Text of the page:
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bigdata

An efficient approach to continuous documentation

By | ai, bigdata, machinelearning

How to cultivate lasting shared knowledge without giving up all that free time you don’t really have.

An outside observer watching a software developer work on a small feature in a real project would find the process to look less like engineering and more like a contrived scavenger hunt for knowledge new and old.

The problem is that we scatter what we learn and teach to the winds. A quick comment on a pull request transfers knowledge from one head to another, but then falls off the radar. A blog post covers some lesson learned while working on a project, but then never gets touched again after it’s written. A StackOverflow link is passed through Slack, and then disappears into the back scroll.

Continue reading An efficient approach to continuous documentation.




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Podcast Special Episode 2 – The Future of AI with Dr. Ed Felten

By | ai, bigdata, machinelearning

In this audio-only Becoming a Data Scientist Podcast Special Episode, I interview Dr. Ed Felten, Deputy U.S. Chief Technology Officer, about the Future of Artificial Intelligence (from The White House!).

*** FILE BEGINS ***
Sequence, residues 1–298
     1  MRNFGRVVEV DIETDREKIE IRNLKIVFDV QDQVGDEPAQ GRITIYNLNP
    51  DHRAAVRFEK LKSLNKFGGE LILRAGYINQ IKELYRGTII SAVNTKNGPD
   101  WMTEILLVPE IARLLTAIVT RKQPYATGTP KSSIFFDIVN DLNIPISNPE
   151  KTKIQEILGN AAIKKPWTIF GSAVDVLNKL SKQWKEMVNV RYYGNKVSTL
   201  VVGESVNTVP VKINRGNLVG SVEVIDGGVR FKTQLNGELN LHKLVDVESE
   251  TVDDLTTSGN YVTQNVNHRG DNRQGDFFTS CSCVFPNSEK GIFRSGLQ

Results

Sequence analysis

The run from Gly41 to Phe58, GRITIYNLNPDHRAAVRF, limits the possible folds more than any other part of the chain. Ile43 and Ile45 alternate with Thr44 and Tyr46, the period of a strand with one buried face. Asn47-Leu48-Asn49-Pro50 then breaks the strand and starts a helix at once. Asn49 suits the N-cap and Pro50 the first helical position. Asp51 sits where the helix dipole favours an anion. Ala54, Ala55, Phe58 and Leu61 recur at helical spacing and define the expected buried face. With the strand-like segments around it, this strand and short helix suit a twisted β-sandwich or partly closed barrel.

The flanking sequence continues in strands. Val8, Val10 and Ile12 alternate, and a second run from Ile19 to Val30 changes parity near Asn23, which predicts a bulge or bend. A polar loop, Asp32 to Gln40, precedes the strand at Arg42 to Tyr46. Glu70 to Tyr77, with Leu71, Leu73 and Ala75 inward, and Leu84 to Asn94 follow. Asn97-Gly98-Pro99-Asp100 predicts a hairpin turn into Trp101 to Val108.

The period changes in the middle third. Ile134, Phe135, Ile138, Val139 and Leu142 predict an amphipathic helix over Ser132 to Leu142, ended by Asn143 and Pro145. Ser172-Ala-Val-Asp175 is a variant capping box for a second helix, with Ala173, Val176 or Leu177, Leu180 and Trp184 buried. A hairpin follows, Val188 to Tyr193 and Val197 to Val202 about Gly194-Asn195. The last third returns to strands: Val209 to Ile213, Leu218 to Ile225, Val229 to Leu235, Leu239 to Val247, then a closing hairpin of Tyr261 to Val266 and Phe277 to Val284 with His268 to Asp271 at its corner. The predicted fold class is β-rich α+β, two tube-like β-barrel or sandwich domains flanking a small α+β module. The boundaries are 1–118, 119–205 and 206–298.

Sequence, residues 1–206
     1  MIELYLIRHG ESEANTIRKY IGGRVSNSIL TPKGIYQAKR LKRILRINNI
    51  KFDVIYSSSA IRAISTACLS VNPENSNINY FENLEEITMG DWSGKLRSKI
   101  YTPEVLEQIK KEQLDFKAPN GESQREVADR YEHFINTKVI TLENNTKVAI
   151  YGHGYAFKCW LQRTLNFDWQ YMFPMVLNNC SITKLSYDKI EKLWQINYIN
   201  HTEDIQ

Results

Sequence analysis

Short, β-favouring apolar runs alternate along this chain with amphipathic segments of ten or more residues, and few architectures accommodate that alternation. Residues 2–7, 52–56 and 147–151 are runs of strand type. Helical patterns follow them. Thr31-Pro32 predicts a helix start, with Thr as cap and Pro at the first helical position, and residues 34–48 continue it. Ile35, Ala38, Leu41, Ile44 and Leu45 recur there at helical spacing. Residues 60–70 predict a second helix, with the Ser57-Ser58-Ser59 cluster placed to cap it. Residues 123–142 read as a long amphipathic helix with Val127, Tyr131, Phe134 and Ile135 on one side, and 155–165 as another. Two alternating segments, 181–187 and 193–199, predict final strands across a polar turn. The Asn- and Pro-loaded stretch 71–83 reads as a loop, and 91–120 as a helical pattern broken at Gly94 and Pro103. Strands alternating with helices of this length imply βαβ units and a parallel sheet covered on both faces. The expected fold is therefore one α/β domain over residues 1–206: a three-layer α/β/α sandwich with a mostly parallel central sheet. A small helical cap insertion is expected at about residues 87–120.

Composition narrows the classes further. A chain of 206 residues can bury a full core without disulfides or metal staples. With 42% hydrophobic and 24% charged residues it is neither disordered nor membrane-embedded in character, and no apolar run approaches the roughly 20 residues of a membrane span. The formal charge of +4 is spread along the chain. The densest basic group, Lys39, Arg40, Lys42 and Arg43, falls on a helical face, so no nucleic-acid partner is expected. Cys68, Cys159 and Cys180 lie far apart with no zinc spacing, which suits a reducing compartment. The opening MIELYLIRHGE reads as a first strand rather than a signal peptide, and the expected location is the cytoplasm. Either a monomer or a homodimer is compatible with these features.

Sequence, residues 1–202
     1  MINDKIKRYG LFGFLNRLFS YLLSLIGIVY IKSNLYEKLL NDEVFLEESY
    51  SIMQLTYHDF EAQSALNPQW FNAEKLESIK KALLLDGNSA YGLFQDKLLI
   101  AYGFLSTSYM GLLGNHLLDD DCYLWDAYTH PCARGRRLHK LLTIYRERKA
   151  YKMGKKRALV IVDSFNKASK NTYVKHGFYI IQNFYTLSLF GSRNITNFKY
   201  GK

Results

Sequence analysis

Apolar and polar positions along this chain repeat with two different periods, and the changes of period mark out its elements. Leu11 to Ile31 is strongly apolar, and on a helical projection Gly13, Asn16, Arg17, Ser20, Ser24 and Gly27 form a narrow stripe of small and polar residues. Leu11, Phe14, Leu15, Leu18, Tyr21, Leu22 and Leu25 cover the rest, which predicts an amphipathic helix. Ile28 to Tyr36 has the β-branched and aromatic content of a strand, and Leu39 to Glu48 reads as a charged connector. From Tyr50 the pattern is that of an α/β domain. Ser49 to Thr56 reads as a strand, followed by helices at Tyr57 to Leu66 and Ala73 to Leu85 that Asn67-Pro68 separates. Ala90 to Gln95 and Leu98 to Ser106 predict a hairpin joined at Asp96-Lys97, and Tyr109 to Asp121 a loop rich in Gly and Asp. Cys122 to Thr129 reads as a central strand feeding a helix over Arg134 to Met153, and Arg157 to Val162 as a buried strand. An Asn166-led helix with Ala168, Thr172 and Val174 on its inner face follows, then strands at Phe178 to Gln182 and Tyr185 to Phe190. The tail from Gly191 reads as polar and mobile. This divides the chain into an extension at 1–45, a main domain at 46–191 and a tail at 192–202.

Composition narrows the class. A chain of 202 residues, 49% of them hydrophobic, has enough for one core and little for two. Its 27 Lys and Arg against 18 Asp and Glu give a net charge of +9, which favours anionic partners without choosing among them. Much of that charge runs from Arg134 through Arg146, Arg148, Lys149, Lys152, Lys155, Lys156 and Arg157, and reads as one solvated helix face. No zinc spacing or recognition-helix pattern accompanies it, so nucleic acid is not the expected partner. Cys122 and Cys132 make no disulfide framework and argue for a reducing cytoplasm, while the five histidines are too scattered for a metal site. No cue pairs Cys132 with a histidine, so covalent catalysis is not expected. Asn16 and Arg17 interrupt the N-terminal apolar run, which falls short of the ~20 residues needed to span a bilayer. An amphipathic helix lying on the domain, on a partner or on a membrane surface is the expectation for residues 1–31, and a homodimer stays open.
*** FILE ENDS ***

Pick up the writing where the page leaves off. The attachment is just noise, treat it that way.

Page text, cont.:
You can stream or download the audio at this link (download by right-clicking on the player and choosing “Save As”), or listen to it in podcast players like iTunes and Stitcher. Enjoy!

Show Notes:

The White House Names Dr. Ed Felten as Deputy U.S. Chief Technology Officer

Edward W. Felten at Princeton University

Dr. Edward Felten on Wikipedia

White House Office of Science and Technology Policy (OSTP)

The Administration’s Report on the Future of Artificial Intelligence (White House Report from October 2016)

Artificial Intelligence, Automation, and the Economy (White House Report from December 2016)

Ed Felten on Twitter: Official / Personal

Freedom to Tinker blog

———

Other Podcasts in this Government Data Series:

Becoming a Data Scientist Patreon Campaign


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NAR: “Existing-Home Sales Stumble in February”

By | ai, bigdata, machinelearning


From the NAR: Existing-Home Sales Stumble in February

Total existing-home sales, which are completed transactions that include single-family homes, townhomes, condominiums and co-ops, retreated 3.7 percent to a seasonally adjusted annual rate of 5.48 million in February from 5.69 million in January. Despite last month’s decline, February’s sales pace is still 5.4 percent above a year ago.

Total housing inventory 3 at the end of February increased 4.2 percent to 1.75 million existing homes available for sale, but is still 6.4 percent lower than a year ago (1.87 million) and has fallen year-over-year for 21 straight months. Unsold inventory is at a 3.8-month supply at the current sales pace (3.5 months in January).